Blog posts with the tag Sir Isaac Newton | Interested In Everything


Blog posts with the tag "Sir Isaac Newton"

These are just a few basic rules that form a basis for our understanding of physics.



To  recap, the first law states that:

  • An object at rest tends to stay at rest, and will remain at rest unless acted upon by an external force.
  • An object in motion tends to stay in motion, with same direction and speed.
  • Motion, or lack thereof, cannot change unless a force acts to change the motion.

Any change in motion involves an acceleration, which brings us to Newton’s second law:



F=ma where ‘F’ is the net external force on an object, m is the mass of an object and ‘A’ is the acceleration.

This law allows us to compare results of the same force exerted on objects of a different mass.

If you exert the same force on two objects of a different mass, you will get different accelerations, or changes in motion. For example, the effect of a 10 newton force on a golf ball would be much greater than that same force acting on a truck. This is due to the differences in their masses.


Newton’s third law states that for every action (force) there is an equal and opposite reaction.



As you can see from the example in our video, forces are found in pairs. There are no isolated forces. A system cannot pick itself up into motion with purely internal forces, to achieve a net force an acceleration it must interact with an external force.


Any questions? Still not clear?  Feel free to ask me anything or share your comments below. I look forward to hearing from you.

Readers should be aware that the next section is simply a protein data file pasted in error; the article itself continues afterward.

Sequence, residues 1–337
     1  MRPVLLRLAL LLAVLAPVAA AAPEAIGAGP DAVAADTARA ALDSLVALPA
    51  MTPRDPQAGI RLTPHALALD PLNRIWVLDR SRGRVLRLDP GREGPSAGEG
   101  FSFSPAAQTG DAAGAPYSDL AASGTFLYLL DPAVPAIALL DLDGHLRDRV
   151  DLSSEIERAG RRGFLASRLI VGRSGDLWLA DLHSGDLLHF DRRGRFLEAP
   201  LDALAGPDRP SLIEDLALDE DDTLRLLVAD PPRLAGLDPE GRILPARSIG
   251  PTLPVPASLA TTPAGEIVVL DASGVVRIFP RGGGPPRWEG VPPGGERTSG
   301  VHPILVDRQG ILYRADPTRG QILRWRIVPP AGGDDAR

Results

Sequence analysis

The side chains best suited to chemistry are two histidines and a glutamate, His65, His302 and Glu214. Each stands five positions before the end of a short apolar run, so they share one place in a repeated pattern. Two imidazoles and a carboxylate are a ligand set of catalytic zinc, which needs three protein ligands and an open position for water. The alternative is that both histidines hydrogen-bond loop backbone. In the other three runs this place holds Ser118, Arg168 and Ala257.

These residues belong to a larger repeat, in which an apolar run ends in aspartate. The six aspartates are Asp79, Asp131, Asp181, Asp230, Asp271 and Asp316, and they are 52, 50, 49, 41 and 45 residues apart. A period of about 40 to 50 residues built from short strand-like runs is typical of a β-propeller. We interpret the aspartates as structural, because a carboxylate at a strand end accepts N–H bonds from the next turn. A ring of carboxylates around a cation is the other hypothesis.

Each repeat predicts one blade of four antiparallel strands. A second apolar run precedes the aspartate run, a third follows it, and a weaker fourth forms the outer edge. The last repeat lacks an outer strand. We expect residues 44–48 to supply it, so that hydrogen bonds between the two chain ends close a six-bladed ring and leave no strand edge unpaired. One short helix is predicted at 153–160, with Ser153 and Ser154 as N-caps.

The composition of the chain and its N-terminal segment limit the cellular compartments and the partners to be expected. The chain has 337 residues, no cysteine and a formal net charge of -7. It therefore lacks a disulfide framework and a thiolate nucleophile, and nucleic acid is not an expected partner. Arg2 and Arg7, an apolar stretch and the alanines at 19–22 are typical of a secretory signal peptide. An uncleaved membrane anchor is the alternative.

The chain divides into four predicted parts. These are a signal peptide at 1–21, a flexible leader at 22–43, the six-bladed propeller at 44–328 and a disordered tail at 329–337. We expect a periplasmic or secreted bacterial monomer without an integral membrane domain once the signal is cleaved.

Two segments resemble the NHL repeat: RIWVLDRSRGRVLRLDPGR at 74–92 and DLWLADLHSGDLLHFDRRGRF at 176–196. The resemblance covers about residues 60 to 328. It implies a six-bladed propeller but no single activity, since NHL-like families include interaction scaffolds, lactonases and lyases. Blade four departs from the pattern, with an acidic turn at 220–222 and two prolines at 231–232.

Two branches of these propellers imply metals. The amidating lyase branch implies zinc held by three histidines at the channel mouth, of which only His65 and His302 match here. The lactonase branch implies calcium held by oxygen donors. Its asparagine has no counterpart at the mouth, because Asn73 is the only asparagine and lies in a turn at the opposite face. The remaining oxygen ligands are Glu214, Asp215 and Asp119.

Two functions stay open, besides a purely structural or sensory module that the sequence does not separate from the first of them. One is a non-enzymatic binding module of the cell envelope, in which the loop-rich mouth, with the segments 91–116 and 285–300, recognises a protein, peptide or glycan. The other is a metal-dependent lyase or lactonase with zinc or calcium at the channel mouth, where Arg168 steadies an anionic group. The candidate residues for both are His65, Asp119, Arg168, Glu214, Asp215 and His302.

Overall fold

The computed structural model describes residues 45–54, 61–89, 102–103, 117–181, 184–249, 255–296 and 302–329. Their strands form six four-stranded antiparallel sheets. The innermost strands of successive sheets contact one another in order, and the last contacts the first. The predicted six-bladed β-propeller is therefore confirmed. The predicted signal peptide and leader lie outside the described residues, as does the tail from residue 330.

My own fascination with science began when I was just six years old. My father, a fabrication engineer, was the first to put a spanner in my hand. He showed me how the gearbox worked on his old Hillman car and from then on I was hooked on all things technical. It was that early enthusiasm and curiosity that has guided me throughout my career as an engineer, and I hope that by sharing it with you I can help get you involved in this exciting and engaging field of invention, innovation and discovery.


The science of engineering is no longer the territory of middle-aged men in lab coats, pacing about the lecture hall. In fact, here in Britain, it’s part of our heritage. The roots of engineering began in England during the 17th century where none other than Sir Isaac Newton developed the three Laws of Motion. The British influence continued both in the UK and Europe during the Industrial Revolution, where mechanical engineers harnessed the power to create machines and develop the tools to maintain them.


Today, engineering plays a vital role in our daily lives, affecting the water we drink, the homes we live in, our methods of transport, and the myriad technologies we use at home and at work. The practical applications are endless!


Once you understand the basics, you can apply this knowledge to almost any problem you’ve got. Want to learn more? Visit the “Ask Me Anything” page and submit your own questions. I look forward to hearing from you!